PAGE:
Barbara Hulanicki opened a clothing store with her husband in the early 60s, she later became known for the garments she had designed for Cathy McGowan, the TV presenter for the music show ‘Ready, Steady, Go’.

Till this day these three designers are the icons of modern fashion. Retro fashion is always coming back with new and fresh looks. Many contemporary designers now such as Anna Sui, Diane von Furstenburg, Erdem are influenced by the hippie culture.

Music in the 1960’s has made a big impression in the lives of youth culture. They still have an appeal to old and young, they were the ones mainly responsible for the change in music and social change from the war and 50s onwards. For example, the Beatles, which created ‘Beatlemania’ their style was a start of a new era, having long hair with long beards, Lennon known for wearing the ‘granny’ glasses, this is where the Beatniks were introduced, which then led to the ‘hippy movement’. Elvis Presley known as the King Rock and Roll. Pink Floyd, Led Zeppelin and The Rolling Stones.

The Glastonbury Festival, would have varieties of artists, in an open field, which lasts up to 3-4 days, usually visited by hippies during the 70s when it was first held, the festival was an excuse for sex, drugs, socialising with others. And to this day The Glastonbury Festival is still a successful event.

This is where technology comes in, it is rapidly progressing from records to cassettes, to cassette tape walkman, to cds, to cd walkmans, to mp3 players such as Ipods,mobile phones. Also being able to download music from the internet illegally, this is causing music stores, such as HMV to close down shops, due to not enough sales to keep the business afloat.

During the 60s, youths from under 25 years of age regularly visited the cinema as entertainment before TV became more popular. Also it was another excuse to socialise with others when they take a visit to the movies. The theatre was also popular for the upper age group as a form of entertainment.

Photography plays a big role in fashion advertisement in a form of magazines such as Vogue and Vanity Fair, which introduces the upper working-class to upcoming fashion trends, which is currently still happening today with many more magazine options to choose from such as Dazed and Confused, ID etc. ”Fashions and faces: Beaton, Bailey and Rankin”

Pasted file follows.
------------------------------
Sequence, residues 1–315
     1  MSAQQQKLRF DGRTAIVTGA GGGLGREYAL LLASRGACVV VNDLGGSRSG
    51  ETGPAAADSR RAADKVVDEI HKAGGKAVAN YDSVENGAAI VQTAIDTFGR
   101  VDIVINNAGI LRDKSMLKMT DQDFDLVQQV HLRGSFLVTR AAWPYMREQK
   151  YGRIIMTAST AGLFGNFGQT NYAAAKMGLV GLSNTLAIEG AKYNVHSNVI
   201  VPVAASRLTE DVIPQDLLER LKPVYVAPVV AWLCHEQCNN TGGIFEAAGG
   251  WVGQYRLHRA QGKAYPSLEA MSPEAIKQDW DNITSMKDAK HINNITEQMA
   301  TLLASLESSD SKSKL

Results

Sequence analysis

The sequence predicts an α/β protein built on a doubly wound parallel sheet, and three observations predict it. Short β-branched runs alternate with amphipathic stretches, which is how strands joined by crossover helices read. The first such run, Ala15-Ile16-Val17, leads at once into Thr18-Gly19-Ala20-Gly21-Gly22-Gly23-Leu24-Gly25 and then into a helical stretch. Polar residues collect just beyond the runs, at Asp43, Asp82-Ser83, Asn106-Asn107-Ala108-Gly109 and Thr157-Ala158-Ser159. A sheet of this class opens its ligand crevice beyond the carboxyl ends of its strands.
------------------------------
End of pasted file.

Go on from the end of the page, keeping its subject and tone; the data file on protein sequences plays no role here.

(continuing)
‘As Britain pursued its passion for photojournalism in the mid 20th century a more affected genre of photography also evolved, set to explode in the 1960s. It embraced fashion, advertising and high society (in short, beautiful people) and found its outlet in magazines like Vanity Fair, Harper’s Bazaar and Vogue. Cecil Beaton bore the torch with staged, glamorous images of Marlene Dietrich, Audrey Hepburn and the Royals from the 1920s through to the 60s’. (Speak the Culture Britain Be Fluent in British Life and Culture, Neil Thomas, ThoroGood, pg.245)

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To conclude, I have discovered that the subculture of hippies in the 1960s, were free spirited, peace loving, rebellions against war, and also introduced a fashionable trend that are still current in some societies. What I think about the difference between ‘subculture’ and ‘counterculture’ is that subculture is the identity of an individual. You can show your personality through clothing, the music you listen to, where you get together in the environment, the region of a culture. E.g. When you think of Camden, you automatically think of punks and rockers. Notting Hill Gate, the Notting Hill carnival comes to your mind. Where as counterculture, as seen as the political part of the culture i.e hippies. ‘A subculture is the way of defining and honouring the particular specification and demarcation of special or different interests of a group of people within a larger collectivity’. (Culture, Chris Jenks, pg.10)